David Bourget (Western Ontario)
David Chalmers (ANU, NYU)
Rafael De Clercq
Jack Alan Reynolds
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Philosophy and Rhetoric 43 (3):284-288 (2010)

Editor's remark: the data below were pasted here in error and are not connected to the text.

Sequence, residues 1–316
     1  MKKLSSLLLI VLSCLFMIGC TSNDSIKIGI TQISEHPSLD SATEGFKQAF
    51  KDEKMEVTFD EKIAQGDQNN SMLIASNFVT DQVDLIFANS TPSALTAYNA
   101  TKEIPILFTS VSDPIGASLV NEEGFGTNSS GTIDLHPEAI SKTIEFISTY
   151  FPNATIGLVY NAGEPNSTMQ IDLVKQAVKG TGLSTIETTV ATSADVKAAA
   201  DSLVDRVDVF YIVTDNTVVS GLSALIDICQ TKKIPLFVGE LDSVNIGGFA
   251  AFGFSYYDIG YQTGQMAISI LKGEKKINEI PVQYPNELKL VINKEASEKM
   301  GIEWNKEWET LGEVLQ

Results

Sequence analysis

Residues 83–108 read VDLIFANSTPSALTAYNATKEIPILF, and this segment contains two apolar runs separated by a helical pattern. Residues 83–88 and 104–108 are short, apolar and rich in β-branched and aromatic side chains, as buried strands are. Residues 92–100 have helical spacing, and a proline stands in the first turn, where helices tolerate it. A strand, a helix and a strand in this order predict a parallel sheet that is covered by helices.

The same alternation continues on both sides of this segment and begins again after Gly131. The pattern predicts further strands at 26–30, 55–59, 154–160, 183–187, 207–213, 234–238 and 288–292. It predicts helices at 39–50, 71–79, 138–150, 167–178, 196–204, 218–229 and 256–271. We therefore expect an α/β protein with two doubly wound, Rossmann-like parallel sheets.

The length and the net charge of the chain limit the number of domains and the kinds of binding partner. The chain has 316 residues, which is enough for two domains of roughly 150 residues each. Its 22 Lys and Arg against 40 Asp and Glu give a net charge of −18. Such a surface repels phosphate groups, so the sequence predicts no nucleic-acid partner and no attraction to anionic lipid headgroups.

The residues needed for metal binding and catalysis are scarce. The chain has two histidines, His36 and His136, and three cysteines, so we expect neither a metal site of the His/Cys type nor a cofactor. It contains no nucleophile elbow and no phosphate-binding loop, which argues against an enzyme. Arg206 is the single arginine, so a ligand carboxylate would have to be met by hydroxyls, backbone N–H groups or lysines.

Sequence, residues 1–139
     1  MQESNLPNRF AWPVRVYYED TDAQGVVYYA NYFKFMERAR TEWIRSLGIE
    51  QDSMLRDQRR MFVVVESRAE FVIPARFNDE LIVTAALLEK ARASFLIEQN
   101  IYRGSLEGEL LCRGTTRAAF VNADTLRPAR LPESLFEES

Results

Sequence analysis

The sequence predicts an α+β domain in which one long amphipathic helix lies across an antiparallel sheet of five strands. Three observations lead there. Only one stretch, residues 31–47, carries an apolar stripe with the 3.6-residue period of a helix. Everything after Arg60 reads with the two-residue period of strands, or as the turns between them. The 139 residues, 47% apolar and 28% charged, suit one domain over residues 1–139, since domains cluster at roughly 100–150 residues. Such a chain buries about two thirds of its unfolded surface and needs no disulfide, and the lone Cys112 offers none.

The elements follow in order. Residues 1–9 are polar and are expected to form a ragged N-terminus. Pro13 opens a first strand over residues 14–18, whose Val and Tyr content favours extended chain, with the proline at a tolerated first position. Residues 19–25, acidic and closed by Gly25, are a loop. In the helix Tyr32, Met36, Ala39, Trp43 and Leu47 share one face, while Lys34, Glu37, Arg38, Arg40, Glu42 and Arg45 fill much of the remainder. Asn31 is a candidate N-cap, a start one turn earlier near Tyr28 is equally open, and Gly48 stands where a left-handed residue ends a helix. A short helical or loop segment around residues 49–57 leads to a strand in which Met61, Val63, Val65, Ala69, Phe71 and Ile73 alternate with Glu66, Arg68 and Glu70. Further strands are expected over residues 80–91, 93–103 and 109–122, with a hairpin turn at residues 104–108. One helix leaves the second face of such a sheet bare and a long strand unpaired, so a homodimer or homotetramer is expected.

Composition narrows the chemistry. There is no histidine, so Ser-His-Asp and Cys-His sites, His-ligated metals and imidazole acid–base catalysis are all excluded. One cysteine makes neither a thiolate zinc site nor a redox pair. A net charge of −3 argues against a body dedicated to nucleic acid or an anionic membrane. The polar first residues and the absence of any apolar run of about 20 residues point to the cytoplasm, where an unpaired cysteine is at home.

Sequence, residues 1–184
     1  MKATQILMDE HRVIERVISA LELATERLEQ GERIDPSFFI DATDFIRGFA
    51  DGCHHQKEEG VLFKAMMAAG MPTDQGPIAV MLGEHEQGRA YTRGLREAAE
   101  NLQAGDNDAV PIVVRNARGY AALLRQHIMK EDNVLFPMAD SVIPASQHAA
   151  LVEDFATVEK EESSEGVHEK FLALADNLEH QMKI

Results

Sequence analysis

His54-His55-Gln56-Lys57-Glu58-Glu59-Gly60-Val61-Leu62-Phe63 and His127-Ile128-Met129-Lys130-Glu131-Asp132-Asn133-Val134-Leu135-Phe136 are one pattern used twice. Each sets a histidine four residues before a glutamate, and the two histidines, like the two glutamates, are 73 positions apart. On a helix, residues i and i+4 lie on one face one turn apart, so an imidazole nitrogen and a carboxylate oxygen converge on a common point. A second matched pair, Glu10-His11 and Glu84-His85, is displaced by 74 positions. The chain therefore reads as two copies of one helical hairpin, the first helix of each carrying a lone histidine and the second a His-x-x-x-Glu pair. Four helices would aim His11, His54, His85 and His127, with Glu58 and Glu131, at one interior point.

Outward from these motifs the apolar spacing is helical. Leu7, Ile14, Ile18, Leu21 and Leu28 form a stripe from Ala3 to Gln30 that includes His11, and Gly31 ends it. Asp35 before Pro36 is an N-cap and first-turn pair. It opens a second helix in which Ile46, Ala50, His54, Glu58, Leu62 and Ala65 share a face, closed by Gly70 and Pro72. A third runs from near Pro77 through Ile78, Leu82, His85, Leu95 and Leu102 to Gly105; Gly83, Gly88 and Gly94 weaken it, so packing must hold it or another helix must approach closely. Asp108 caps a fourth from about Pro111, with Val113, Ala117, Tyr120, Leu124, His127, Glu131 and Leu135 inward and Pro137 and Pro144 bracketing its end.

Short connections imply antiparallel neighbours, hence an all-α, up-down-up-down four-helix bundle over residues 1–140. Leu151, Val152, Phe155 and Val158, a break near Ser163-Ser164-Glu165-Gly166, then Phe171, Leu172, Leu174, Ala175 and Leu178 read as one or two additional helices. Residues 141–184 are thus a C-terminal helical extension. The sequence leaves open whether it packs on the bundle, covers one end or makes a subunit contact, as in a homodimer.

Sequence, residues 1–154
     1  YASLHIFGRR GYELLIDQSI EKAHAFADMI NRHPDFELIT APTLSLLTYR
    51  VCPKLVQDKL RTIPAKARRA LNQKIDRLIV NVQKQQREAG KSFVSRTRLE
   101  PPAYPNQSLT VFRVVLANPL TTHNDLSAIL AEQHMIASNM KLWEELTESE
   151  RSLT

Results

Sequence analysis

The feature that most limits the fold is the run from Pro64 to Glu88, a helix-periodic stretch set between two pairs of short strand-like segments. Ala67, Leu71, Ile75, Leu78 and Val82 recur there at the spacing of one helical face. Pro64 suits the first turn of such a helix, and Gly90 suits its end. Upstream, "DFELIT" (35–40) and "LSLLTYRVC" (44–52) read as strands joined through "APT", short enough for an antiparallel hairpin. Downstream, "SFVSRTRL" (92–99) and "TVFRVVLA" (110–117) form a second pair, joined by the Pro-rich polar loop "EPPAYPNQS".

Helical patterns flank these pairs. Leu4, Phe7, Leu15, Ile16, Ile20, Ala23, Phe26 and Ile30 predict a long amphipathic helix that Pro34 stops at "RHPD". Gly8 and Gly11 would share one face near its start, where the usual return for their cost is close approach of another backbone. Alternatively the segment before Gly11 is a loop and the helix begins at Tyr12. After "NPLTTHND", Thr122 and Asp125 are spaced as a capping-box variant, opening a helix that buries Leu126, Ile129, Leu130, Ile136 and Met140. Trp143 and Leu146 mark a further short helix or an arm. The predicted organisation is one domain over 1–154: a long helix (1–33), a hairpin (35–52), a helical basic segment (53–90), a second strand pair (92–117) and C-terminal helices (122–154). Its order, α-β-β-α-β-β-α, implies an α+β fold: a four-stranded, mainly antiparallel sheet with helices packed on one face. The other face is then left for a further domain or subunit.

The overarching theme of Michael Kochin's Five Chapters on Rhetoric seems to be that classical rhetoric is still important. With the help of Socrates, Plato, Aristotle, Gorgias, Callicles, Protagoras, Isocrates, Cicero, Quintilian, and others, Kochin makes the case that when thinking about rhetoric, we ought to listen to the ancients—at least most of the time. While the overarching theme deals with the classical tradition, the book's central argument is focused squarely on current rhetorical practices. The proper role of rhetoric, Kochin argues, is to allow "the facts" to "speak for themselves" (164). He attempts to establish this claim by exploring five concepts that are, or ought to be, central to our ..
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